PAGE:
Archer Hale is a forlorn character, having lost his entire family in a freak accident and worst still, being shot in his vocal cords at a tender age of seven. He was taken in by his uncle until he too had passed on, leaving Archer to fend for himself. He never interacted with the town folk, they ridiculed him and he didn’t bother to set them straight. He kept himself busy taking care of his property, reading everything in sight, building a cocoon for himself. He thought he would never find love, until Bree walked into his life.

Mia Sheridan writes beautifully, simply and straight from the heart. Time whizzed by reading this book and I struggled to put it down and tear myself away. She pulled out all the stops in denouement, one moment I was reeling with delight, the next she yanked the carpet right under my feet and just when I thought it would all work out in the end – I was balling my eyes out!

Archer’s Voice engraved in my mind the reason why I love the romance genre. Writers like Mia Sheridan convince me time and time again that matters of the heart are the most magnetic, alluring and heart-wrenching stories readers will never become bored of. And when you discover a treasure trove in the form of Mia Sheridan, you know you’ve struck gold.

Book Review

Somebody Else’s Kids – Torey Hayden

An acquaintance of mine loan me this book, claiming I had to read it as it’s one of her all-time favourites. A lot of people tend to lend me novels for they know I love reading and I can never be nasty and say I already have enough books, thank you very much. I meekly accept it and grudgingly walk away. I know how much it bothers me when I borrow a must-read book to a friend and they take eons to read it – I become annoyed and eventually ask them to return it, vowing never to offer my books again!

So here I was with a book I had no desire to read, compelled to finish it for I needed to give it back as soon as possible, my shelf of unread books glaring at me with disdain as I paged through it. The blurb at the back revealed the Author, Torey Hayden as an educational psychologist and a special needs teacher who chronicles her struggles in the classroom. Her novels have become best sellers.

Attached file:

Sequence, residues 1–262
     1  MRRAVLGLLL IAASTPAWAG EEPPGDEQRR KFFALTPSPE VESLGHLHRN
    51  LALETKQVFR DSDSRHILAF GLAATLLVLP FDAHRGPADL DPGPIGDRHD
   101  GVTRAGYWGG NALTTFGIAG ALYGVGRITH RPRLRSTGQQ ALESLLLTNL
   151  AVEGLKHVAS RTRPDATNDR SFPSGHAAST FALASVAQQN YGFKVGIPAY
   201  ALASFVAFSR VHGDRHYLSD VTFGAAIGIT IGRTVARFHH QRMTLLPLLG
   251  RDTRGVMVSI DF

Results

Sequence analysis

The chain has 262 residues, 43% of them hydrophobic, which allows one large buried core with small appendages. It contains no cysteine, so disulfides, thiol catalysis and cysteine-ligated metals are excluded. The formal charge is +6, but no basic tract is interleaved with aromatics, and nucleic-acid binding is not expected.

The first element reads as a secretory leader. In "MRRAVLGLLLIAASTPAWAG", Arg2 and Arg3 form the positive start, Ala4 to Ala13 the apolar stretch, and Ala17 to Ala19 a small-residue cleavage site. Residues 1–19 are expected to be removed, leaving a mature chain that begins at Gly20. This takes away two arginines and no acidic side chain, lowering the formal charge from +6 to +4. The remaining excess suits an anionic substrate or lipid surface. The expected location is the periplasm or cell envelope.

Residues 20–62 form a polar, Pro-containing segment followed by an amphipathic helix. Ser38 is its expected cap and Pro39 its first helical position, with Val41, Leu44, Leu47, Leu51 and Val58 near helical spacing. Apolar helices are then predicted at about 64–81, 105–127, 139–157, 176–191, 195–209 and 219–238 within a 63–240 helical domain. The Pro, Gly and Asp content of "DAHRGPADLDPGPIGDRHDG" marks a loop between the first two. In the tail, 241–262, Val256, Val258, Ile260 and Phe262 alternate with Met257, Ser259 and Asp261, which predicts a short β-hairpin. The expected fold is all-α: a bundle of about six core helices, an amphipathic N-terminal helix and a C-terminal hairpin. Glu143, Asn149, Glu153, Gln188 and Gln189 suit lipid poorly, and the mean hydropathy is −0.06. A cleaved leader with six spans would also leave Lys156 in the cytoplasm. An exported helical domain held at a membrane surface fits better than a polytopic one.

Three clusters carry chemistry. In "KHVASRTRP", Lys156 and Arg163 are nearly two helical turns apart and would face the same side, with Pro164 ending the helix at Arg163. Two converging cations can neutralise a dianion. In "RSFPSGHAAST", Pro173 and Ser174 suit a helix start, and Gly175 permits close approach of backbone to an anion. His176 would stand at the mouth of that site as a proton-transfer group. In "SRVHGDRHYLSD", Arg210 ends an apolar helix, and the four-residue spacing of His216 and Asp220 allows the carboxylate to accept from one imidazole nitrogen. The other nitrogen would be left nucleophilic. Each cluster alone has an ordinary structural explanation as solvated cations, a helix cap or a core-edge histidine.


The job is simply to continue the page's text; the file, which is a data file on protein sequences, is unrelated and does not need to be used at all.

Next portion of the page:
I started reading this book when I flew down to see my Dad when he was still alive and in hospital. This was a very traumatic time for me and I attempted to read it to take my mind off the hopelessness I felt.

This is a true life story of Torey heading a resource classroom in a district school, receiving four special needs children nobody else could deal with. Boo is a severely autistic seven year old who lives in his own world. Lori, also seven, a beautiful young girl who was severely abused as a child resulting in brain damage, hampering her reading abilities. Ten year old Tomaso witnessed his stepmother shoot his father and brother and is filled with anger and hatred. Claudia is a twelve year old who had to leave her private catholic school when it was discovered she was pregnant.

I have to commend Torey Hayden on her utter devotion, patience, belief and untainted love for the children under her care. Her job wasn’t easy in the least and yet she remained determined to educate them, instil unconditional love and respect, assisting them to thrive and find joy in her class.

Torey Hayden is a talented wordsmith. You can feel the passion she has for these children and you cannot help but admire the bond she forms with them. However, there were times when I didn’t agree with her methods and felt she could’ve been more assertive to the educators and learning system in general. The novel was slow moving and I really had to buckle down to finish it as it became disheartening and I couldn’t predict a happy ending.

I didn’t particularly love this book and it’s not the kind of genre that appeals to me. Perhaps I wasn’t in the right frame of mind to appreciate the Author’s work. The question is whether I would read another Torey Hayden novel – no, it’s just not my cup of tea!